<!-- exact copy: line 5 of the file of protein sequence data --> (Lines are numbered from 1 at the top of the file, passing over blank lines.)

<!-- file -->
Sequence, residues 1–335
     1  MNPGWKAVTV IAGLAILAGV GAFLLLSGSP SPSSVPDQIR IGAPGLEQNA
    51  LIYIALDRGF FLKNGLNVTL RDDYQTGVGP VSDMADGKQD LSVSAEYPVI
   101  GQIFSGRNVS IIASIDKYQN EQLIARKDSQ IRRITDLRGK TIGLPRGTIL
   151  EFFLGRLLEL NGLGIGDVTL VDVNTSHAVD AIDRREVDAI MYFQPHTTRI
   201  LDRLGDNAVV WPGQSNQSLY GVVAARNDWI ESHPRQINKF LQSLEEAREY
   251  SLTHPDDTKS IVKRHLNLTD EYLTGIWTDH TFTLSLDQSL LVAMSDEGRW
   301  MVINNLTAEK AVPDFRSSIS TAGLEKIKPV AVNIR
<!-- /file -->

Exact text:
   151  EFFLGRLLEL NGLGIGDVTL VDVNTSHAVD AIDRREVDAI MYFQPHTTRI